Tuesday, April 30, 2013

Finally, Flowers!

We've had such a cold and rainy spring that it's wonderful to see a few flowers blooming (sorry about the quality of these images. I'm no photographer).

Our magnolia. It was here when we moved here more than 30 years ago and was a personal favorite of the previous owner who cried at the thought of leaving it (She passed away many years ago, but what I  remember the most about her was her reaction to leaving what was then a rather small magnolia tree. I felt so sorry for her, leaving this home where she had raised her children, because I knew that it wasn't really the magnolia but the memories that caused her to weep). Today when I walked outside, the scent of the magnolia in bloom was so wonderful. Finally, I could tell that spring had really arrived. Somewhere I hope that Mildred knows her magnolia is still blooming and creating memories for us. 

I love yellow tulips. It's a little bare around this one, since there's an evergreen bush behind it, but I'll take whatever color I can get this spring.

We have this sad little forsythia that somehow grew in between some of our lilacs (we have a lot of lilacs).

Last of the pansies. Soon I'll replant this whiskey barrel.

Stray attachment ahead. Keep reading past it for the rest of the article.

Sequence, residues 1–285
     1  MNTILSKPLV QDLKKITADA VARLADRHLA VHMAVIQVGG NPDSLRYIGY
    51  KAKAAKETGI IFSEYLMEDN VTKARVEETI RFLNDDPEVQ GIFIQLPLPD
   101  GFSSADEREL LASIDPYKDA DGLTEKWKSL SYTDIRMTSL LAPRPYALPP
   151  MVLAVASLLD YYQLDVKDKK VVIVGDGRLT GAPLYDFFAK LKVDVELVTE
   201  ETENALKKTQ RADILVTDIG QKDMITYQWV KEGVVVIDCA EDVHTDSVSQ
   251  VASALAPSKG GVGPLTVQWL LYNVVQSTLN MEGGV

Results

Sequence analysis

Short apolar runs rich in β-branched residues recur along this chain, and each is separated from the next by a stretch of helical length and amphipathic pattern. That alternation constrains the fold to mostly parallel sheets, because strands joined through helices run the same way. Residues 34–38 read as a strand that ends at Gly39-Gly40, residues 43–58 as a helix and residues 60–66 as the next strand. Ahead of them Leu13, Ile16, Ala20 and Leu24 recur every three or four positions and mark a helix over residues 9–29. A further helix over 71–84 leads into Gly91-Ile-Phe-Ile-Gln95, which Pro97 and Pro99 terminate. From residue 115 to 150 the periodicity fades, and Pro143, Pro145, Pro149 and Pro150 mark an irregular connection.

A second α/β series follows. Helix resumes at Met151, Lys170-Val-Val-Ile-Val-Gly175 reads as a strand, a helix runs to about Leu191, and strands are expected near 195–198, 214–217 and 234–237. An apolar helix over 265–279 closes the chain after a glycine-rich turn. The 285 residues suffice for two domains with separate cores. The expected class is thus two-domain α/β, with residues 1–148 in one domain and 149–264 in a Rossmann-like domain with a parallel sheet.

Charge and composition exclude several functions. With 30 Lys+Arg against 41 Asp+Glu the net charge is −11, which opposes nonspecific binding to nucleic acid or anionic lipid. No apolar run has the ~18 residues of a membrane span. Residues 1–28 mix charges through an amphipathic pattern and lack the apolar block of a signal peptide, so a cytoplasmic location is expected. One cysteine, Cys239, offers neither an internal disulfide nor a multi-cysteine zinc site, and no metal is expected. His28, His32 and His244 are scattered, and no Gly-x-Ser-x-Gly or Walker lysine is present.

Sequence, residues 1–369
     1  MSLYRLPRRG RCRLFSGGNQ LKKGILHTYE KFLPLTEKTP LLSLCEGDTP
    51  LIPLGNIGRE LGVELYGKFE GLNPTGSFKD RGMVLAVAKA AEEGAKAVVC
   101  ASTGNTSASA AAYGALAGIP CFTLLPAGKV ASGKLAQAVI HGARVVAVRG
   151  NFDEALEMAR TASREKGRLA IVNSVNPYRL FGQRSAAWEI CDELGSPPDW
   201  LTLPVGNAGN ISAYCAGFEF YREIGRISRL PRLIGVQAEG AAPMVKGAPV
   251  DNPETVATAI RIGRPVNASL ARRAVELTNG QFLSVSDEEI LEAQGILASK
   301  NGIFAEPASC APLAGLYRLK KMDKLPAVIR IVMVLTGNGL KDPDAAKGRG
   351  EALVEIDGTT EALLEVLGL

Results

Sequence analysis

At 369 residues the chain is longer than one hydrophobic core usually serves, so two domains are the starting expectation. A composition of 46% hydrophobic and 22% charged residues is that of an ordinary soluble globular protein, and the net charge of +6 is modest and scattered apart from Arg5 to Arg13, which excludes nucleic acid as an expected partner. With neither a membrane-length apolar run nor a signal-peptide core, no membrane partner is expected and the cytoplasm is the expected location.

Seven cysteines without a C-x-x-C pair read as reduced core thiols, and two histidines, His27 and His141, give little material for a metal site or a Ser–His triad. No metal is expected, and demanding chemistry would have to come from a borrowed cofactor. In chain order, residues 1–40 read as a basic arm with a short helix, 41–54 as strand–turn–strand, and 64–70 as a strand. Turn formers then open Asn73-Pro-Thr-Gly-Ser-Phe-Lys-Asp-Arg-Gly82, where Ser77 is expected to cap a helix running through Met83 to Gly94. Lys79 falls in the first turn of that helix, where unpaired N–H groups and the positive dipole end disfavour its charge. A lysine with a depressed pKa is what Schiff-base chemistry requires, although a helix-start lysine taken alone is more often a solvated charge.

A lone red tulip, already on the way out while its neighbors are still buds. Flowers bloom and fade so quickly in the spring, don't they?


Laney4 said...

I miss our flowering crabapple tree that blossomed for about 24 hours around the beginning of May every year. Every year it got sparser and sparser, as we had to cut off diseased branches, until it looked really deformed. Then we cut it down in order to widen our single driveway so our kids could park their "new" cars too. I would do it again in a heartbeat, as there was nowhere else for them to park, but we all miss that tree, even after six years.... (I think I'll make a point of walking up the street to see our neighbours' flowering crabapple this weekend....)

Myrna Mackenzie said...

We have a Montmorency cherry tree in a similar situation. We planted it 30 years ago, and for years it had beautiful blossoms and lots of cherries. But it grows near the electrical company's right-of-way, so they've had to hack it back. Then a few branches died. Now it looks sad and doesn't offer up much in the way of blooms or cherries, but we haven't taken it down yet, because it fills a spot in the corner of our lot. Sooner or later, though, it will have to come down (or at least what's left of it). Enjoy your neighbor's crabapple (they're so pretty)!